Eye Styes 101: What You Need to Know about Treating a Stye

Eye Styes

Even though eye styes can be quite painful, they aren’t usually a threat to a person’s vision. In fact, most styes will go away on their own, but people often choose to use a treatment to speed up the healing process.

What is an Eye Stye?

An eye stye, also known as a hordeolum, is a small lump that can form on either the outside or the inside of the eyelid. This condition happens when an oil gland becomes infected, and it is basically like having a deep pimple on the eyelid. It has been found that styes are caused by staphylococcal bacteria that infects the area.

Usually, this bacterium is located in the nose. But, it can be passed to the eye if a person rubs their nose and then touches their eye. Since it is a bacterial infection, it is contagious. So, patients should use caution to avoid passing the infection to other people. But, most people are already carrying this bacteria. It is possible to develop a stye even if you didn’t have any contact with outside contamination.

How to Treat an Eye Stye

What should you do if you suspect that you have an eye stye? The first signs of a stye usually include:

  • Swelling
  • Tenderness
  • Redness
  • Pain

Often, a pimple will develop, and you can see where the infection is centered. Sometimes it is just a portion of the eyelid that swells, but some people experience swelling on the entire eyelid.

To encourage the healing process, it can be helpful to place a hot compress on the affected area several times a day. Most optometrists recommend 10 – 15 minutes of hot compress and 3 to 4 treatments per day. The heat decreases the discomfort and brings the infection to a head so that it can rupture, then drain, and finally heal.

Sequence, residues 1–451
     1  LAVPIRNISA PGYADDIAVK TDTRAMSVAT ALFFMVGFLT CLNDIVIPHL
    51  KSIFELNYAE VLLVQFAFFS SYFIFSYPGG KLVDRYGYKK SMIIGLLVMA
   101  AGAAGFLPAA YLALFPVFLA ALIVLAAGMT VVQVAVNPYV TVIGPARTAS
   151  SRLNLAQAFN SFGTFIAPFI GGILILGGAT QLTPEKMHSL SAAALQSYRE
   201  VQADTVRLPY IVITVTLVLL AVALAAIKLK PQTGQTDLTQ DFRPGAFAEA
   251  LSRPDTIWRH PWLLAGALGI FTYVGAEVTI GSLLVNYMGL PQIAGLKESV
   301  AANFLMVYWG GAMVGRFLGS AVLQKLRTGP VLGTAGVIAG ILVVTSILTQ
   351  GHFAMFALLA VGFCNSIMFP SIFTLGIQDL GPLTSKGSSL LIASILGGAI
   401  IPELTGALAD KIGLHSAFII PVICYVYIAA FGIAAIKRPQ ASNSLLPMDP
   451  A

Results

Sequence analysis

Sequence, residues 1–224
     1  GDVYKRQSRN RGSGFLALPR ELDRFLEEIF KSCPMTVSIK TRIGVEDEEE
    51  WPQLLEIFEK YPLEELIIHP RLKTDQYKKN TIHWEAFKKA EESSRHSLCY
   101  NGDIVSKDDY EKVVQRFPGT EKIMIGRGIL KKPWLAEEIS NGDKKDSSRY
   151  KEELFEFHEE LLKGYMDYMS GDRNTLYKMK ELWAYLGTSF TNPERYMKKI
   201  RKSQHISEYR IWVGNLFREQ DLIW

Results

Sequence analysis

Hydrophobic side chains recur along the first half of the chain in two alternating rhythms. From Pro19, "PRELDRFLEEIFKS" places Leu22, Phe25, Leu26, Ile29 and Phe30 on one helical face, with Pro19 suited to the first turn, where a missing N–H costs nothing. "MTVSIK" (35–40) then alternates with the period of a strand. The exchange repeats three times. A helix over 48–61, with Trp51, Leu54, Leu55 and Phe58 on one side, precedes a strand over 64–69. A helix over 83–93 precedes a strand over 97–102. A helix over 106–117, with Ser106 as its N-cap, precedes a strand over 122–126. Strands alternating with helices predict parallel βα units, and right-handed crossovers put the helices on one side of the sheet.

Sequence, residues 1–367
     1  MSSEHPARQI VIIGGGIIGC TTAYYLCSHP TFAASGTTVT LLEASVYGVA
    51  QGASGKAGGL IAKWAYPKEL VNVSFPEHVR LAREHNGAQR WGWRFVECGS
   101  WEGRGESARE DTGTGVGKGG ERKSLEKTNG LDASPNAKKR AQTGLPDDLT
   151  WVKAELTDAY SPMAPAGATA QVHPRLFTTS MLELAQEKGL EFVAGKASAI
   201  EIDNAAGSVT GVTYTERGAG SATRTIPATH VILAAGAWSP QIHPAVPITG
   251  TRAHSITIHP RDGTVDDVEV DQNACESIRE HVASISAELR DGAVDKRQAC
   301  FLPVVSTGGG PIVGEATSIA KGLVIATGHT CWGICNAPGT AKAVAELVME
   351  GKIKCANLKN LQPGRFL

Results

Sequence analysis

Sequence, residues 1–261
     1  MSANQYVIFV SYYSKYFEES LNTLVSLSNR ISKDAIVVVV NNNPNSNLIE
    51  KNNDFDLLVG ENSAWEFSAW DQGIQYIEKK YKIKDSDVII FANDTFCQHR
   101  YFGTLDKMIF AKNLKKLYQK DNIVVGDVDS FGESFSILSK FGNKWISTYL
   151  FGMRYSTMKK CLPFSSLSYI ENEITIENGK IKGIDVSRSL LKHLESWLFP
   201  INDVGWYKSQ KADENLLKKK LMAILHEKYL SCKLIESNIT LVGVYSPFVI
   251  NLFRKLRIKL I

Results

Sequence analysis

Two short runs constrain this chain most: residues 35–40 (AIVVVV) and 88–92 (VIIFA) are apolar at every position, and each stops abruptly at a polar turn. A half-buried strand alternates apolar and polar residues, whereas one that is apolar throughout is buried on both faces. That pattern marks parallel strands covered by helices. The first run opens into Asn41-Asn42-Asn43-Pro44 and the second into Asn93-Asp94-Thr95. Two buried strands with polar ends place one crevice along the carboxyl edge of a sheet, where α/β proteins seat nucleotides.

NEVER “Pop” a Stye!

It might be tempting to pinch the stye in an attempt to rupture the infected area. But, you should never pop the stye like a pimple. Instead, it is important to allow the body to go through the natural healing processes and allow it to rupture without intervention.

Sometimes, styes that develop on the inside of the eyelid won’t rupture on their own. In this case, you should visit an optometrist so that they can open the infected area and drain it without causing additional harm to your eye.

What Should You Do About Frequent Eye Styes?

Do you often experience these small eyelid infections? If so, you should talk to your Chicago optometrist about the frequency of your problems. In some cases, it might be helpful to use an antibiotic ointment as a prevention. Another option is to improve daily hygiene by washing the eyelids to prevent the development of infection.

When to Seek Medical Advice from an Optometrist

If you have a stye, is it necessary to schedule an eye exam with an optometrist? In most cases, you don’t
need to talk to an eye doctor. However, you should call us right away if you are experiencing any of
these problems:

  • Pain in the eye (not the eyelid)
  • Severe swelling that interferes with your vision
  • Symptoms that don’t go away after a few weeks
  • Recurring styes

Call our experienced team at Village Eyecare to schedule an appointment with an optometrist in your neighborhood. We have four locations, providing convenient options for the community in Chicago and the surrounding areas.